How Laplace transformed …. well … a lot.

If you read a biography of people like Newton, Leibniz or Laplace you start to feel like a dummy. These people were brilliant in so many disciplines that it becomes dizzying. Pierre-Simon Laplace was born in 1749 in Beaumont-en-Auge (where the Calvados resides!) and died in Paris, 1827, three weeks short of his 78th birthday.

He was a genius in math, astronomy and statistics. Considering the last discipline, he held the opinion that humans needed statistics because their minds couldn’t know all positions and velocities. If they could, they would know everything, past and present in an instance. Because they couldn’t, statistics was needed to help us underlings out.

As an astronomer he is supposed to have suggested the possibilities of black holes (due to gravitational collapse) but I’m not sure where or when he did.

In mathematics the Laplace-operator \Delta is named after him. The Laplacian describes something similar to the second derivative in a function with two variables. It tells you how the gradient \nabla (or multidimensional derivative, being a vector) changes in the direct vicinity of the point you’re studying, so \nabla\cdot\nabla=\nabla^2=\Delta.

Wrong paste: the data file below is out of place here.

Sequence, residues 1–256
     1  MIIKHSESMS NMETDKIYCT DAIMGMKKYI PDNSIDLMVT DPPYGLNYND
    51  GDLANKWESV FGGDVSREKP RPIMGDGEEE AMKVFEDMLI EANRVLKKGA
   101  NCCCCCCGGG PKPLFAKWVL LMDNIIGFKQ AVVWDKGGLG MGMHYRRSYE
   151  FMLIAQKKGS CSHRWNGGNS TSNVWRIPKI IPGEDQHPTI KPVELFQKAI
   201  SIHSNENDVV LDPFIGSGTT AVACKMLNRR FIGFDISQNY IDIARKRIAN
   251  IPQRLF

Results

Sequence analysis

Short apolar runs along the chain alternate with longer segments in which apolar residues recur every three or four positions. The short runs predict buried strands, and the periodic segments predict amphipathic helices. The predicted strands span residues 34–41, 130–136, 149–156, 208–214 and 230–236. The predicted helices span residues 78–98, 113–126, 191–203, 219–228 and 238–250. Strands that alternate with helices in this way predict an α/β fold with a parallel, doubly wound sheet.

And of course you have the Laplace-transformation in differential equations, \mathscr{L}f(s)=\int_0^\infty e^{-st}f(t)dt.

Laplace had a son and a daughter. His son died at 85, leaving no children behind. His daughter gave birth to the only grandchild, a girl called Angélique. Het mother died in childbirth, so Laplace’s granddaughter was the only Laplace descendant to survive, although of course with the surname of her father, de Portes.